If you have suffered damages as a result of a slip and fall incident, then the owner of the property where you were injured may be legally responsible to compensate you for your injury.
Slip and fall injuries fall under the general category of personal injury lawsuits, specifically under the legal theory of premises liability. Personal injury lawsuits are civil lawsuits that are filed on behalf of the injured party to recover for damages arising from their injury. As an injured party, you have the right to recover for your injuries, lost income, and other damages that arose from the incident.
Injury laws vary from state-to-state. However, generally speaking, in order for a property owner to be liable for damages suffered from a slip and fall injury, it must be proven that they were negligent. In order to demonstrate that a property owner was negligent, you must typically prove:
- That the property owner had a duty to warn or protect you from harm;
- That the property owner breached that duty; and
- That due to the breach of duty, you were injured and suffered measurable harm.
It is important to note that a property owner owes different duties to different types of people. For example, a property owner likely will not be held liable for a slip and fall incident suffered by a trespasser.
As noted above, in order for a property owner to be held liable for a slip and fall injury that occured on their property, the injured party must prove that they were owed a duty. When a property owner owes a duty to someone, they must keep the property reasonably safe and warn people who enter the land of any dangerous conditions that they know or should know exist.
The following list is a summary of the duties owed by property owners to persons on their property:
- Invitees: Invitees are people that were openly invited onto the property owner’s property. For example, patrons of a grocery store are all invitees, as the grocery store is a business that is open to the public. As an invitee, a property owner owes you the duty to inspect the premises for any dangerous conditions and warn you if there are any present dangerous conditions. Therefore, if you were injured due to a slip and fall incident in a business that is open to the public, the property owner may be liable to compensate you for your injury;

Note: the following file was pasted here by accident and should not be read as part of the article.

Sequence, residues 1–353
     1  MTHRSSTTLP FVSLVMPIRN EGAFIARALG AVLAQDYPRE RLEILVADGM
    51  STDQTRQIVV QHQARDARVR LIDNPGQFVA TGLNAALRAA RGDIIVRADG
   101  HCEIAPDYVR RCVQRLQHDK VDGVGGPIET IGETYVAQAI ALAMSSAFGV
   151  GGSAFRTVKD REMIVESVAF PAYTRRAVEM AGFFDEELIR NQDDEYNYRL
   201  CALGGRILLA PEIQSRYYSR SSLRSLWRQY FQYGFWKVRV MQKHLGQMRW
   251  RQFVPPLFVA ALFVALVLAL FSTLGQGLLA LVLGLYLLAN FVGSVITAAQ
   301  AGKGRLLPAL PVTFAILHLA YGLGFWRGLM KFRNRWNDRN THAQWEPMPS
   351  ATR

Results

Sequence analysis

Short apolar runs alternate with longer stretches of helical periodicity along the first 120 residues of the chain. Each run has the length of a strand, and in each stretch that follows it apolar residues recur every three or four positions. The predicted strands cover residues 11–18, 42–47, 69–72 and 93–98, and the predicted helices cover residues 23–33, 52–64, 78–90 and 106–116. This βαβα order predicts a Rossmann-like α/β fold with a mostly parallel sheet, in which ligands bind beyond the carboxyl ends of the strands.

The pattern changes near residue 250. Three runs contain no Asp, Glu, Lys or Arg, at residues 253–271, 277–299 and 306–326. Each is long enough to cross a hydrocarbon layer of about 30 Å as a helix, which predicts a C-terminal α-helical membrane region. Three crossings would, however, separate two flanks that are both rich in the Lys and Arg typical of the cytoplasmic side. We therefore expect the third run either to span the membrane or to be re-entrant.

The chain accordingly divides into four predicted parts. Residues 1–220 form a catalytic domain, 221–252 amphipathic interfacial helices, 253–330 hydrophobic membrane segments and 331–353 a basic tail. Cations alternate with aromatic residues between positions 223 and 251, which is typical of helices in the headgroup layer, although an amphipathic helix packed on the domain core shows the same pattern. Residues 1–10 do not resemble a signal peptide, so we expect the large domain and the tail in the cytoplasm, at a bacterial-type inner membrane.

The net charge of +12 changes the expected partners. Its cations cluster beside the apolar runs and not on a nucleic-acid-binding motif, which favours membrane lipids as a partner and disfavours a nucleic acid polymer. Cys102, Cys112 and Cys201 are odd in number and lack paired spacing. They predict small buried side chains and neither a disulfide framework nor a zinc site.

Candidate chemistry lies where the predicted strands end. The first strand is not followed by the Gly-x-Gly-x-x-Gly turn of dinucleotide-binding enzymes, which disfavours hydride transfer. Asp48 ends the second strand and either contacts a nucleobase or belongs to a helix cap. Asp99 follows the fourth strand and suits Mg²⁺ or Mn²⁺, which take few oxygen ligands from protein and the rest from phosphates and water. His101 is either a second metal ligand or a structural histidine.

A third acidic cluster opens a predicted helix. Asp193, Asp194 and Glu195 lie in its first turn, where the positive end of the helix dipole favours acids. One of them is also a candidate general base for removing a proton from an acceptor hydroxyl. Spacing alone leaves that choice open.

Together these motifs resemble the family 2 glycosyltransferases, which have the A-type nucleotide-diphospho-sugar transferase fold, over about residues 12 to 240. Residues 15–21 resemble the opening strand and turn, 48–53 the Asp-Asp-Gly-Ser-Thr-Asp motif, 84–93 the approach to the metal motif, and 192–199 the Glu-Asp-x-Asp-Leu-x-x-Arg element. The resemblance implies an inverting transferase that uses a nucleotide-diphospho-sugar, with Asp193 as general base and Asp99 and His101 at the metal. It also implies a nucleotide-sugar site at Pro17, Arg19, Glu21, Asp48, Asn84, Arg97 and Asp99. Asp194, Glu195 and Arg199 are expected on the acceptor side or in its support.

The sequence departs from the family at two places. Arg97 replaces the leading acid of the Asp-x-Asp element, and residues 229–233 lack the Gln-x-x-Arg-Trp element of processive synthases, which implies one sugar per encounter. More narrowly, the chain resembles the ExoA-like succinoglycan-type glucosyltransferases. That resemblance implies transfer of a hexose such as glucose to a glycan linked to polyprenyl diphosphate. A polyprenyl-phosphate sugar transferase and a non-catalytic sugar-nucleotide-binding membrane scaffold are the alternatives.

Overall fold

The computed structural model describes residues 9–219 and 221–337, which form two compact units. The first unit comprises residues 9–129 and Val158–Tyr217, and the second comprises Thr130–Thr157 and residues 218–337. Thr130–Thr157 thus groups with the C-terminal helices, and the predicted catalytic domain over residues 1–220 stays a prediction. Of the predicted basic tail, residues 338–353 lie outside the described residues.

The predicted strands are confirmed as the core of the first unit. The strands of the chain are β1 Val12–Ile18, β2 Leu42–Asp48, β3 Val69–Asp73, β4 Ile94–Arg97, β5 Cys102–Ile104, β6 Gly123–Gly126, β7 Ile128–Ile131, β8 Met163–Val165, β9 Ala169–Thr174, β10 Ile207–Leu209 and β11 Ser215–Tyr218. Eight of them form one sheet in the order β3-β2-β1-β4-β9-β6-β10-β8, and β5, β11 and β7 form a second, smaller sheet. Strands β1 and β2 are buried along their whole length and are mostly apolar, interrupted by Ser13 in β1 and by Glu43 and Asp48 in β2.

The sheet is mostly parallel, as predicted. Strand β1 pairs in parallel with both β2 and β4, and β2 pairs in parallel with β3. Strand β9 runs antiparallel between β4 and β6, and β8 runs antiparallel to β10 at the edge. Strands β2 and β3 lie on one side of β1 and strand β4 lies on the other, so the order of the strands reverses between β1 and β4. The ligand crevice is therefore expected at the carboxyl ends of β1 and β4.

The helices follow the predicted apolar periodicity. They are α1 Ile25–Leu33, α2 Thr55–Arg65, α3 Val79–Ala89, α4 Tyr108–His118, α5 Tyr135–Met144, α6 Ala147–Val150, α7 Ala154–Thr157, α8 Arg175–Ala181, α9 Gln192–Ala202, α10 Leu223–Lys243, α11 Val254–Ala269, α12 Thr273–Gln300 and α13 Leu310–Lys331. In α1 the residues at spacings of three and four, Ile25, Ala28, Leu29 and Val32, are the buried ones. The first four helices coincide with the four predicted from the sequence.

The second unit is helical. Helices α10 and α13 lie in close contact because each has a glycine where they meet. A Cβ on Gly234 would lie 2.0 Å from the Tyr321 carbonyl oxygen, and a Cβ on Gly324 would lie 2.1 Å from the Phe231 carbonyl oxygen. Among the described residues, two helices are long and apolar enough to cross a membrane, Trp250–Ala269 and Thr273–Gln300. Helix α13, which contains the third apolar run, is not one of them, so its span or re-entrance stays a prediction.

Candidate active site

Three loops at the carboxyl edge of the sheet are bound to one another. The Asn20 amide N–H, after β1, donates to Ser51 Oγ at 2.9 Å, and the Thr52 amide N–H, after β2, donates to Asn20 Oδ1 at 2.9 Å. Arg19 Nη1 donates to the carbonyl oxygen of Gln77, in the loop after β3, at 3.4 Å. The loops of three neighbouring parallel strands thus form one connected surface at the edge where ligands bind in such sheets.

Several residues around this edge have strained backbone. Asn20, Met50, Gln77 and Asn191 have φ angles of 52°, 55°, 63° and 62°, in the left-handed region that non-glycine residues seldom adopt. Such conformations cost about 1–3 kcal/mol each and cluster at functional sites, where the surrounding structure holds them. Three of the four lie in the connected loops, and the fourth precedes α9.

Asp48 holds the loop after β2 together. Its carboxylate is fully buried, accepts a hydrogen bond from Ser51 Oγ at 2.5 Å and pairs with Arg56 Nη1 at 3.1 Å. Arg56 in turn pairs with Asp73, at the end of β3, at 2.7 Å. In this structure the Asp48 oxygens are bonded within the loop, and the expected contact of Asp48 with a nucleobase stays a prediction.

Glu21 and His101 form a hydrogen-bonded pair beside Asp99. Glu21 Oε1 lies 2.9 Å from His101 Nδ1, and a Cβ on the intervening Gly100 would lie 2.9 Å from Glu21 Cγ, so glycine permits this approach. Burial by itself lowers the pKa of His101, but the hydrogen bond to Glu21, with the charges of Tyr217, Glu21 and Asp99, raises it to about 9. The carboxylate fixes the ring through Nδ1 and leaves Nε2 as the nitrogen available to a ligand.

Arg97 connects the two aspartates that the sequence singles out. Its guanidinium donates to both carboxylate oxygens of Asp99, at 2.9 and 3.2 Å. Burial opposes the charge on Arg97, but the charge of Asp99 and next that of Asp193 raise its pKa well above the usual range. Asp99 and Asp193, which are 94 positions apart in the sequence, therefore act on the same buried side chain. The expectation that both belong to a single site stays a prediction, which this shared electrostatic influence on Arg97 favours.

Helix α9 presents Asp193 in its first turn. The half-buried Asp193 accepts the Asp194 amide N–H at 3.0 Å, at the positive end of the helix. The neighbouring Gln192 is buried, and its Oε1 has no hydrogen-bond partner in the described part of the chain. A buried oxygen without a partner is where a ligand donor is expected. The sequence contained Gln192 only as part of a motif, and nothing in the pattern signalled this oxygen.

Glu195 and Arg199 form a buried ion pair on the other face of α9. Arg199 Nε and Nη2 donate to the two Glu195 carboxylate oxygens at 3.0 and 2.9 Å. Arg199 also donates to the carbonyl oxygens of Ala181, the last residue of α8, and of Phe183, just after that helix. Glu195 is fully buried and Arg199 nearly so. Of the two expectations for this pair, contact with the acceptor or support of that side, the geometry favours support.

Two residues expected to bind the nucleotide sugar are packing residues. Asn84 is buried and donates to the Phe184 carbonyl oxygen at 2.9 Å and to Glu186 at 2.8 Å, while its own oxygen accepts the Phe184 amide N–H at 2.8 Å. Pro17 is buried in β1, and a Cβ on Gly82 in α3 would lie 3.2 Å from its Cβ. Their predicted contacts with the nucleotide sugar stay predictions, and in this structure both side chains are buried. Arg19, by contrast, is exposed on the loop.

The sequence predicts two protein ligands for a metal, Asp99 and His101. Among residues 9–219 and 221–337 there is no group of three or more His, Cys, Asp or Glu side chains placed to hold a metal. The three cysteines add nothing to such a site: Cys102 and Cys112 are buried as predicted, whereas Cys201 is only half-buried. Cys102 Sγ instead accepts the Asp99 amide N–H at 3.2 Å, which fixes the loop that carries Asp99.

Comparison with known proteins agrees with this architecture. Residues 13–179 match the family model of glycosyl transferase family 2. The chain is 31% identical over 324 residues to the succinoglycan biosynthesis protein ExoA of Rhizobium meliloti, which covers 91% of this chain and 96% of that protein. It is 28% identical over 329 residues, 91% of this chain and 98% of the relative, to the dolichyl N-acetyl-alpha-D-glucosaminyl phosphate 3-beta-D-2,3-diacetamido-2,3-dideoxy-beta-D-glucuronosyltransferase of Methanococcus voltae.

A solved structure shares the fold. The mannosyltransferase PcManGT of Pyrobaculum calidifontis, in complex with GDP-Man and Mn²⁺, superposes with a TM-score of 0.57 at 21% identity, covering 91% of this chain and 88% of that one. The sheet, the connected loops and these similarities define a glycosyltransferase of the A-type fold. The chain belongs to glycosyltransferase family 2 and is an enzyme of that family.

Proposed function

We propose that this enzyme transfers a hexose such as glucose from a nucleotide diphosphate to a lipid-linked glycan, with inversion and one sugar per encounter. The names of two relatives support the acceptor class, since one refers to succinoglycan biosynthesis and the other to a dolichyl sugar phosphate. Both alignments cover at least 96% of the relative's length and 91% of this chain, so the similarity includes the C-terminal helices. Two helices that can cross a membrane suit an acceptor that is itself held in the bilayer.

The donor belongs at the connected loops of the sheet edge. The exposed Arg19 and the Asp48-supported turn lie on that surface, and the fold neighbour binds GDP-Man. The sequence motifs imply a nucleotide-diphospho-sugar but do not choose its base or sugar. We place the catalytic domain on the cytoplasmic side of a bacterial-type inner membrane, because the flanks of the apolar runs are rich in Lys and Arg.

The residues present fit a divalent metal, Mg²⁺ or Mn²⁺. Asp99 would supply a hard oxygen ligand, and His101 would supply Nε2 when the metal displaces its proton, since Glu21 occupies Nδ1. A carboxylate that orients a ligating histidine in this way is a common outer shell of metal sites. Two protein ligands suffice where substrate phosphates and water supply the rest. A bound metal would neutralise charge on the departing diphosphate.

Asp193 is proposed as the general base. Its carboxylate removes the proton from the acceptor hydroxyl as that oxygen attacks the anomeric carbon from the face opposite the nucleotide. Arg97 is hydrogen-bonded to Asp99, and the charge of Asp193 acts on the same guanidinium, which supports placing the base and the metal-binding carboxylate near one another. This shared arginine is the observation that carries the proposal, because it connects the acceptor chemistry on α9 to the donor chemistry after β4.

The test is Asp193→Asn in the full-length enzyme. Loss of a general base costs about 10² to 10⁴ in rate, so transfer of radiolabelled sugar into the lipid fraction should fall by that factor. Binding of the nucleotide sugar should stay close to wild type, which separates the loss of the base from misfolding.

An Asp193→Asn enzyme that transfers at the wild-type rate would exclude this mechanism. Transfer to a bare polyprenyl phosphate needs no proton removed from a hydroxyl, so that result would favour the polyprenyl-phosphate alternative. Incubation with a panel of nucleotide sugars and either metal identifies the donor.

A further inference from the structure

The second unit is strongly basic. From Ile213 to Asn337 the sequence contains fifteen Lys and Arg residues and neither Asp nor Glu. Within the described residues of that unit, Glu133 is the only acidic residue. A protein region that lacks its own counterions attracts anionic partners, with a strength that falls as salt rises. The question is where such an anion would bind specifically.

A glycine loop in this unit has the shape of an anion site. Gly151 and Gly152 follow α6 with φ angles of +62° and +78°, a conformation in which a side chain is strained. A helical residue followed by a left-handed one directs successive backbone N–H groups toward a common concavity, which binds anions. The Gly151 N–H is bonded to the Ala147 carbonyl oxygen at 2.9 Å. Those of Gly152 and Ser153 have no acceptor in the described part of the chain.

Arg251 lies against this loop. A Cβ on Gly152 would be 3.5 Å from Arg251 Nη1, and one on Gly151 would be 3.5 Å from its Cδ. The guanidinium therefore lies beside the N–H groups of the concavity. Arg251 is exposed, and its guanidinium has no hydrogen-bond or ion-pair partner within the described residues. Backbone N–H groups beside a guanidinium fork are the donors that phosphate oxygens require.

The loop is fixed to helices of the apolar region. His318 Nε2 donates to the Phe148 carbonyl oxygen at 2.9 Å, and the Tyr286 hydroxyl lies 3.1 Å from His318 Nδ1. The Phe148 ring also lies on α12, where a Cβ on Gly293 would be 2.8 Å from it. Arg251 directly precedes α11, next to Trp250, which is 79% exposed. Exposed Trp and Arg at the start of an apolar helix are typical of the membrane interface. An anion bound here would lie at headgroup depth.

- Licensees: A licensee is a person that enters the property of another, even though the property is not open to the public, for their own purposes. For example, a licensee may be a person that visits the property for a social gathering. A property owner owes a duty to warn licensees of any harmful conditions that they were aware of;
- Trespassers: Trespassers are people who enter a property without the owner’s permission. Unlike invitees and licensees, who property owners do owe a duty of care to, property owners do not owe trespassers a duty to warn or protect. In fact, a trespasser may be liable to the property owner for a civil claim of trespass to land; and
- Children: Property owners generally owe children a greater duty than others. This is especially true if there is an attractive nuisance on the property, such as a swimming pool or trampoline. Thus, a property owner may be liable for a slip and fall incident suffered by a child, even if the child was a trespasser. For example, if a child trespasses on a property owner’s land and then slip and falls into their unfenced swimming pool, the property owner may be held liable for their injury or death.
As noted above, even if property owners did not cause the dangerous condition, they may still be liable if they knew of the dangerous condition and did nothing to correct it. For example, suppose that a patron of a grocery store informed an employee or management of a spill on the floor. If they did nothing to clean up the spill or warn other patrons, they may be held liable for injuries caused by the spill.
Additionally, property owners may also be held liable for injuries resulting from dangerous conditions that they should have known about. Unlike dangerous conditions that property owners were made aware of, proving that a property owner is liable for dangerous conditions they were not aware of is more difficult.
For example, if a patron in a grocery store spilled something on the floor, and left without notifying anyone, and another patron slipped moments later, the property owner will likely not be held liable for the injured patron’s damages. In contrast, if a person spilled something in the store, and someone slipped in the puddle hours later, the property owner will likely be held liable for the injured person’s injuries.
In both of the above scenarios, it is still difficult to prove that a property owner knew or should have known of the dangerous condition. Therefore, it is important that you conduct civil discovery in order to obtain evidence of the property owner’s knowledge of the dangerous condition. This can include evidence such as video tapes proving how long the spill was there or testimony from employees or patrons regarding the dangerous condition.
As can be seen, proving that a property owner is liable for your injuries suffered from a slip and fall incident is often a difficult task. Therefore, if you have suffered from a slip and fall injury, it is in your best interests to immediately contact a knowledgeable and well qualified personal injury attorney.
It is important that you contact an experienced personal injury attorney immediately, as most states have a two year statute of limitations (deadline for filing a civil lawsuit) in which you must bring your lawsuit against the property owner. An experienced attorney can advise you of your best legal course of action against the property owner. They may also represent your interests in court, as necessary.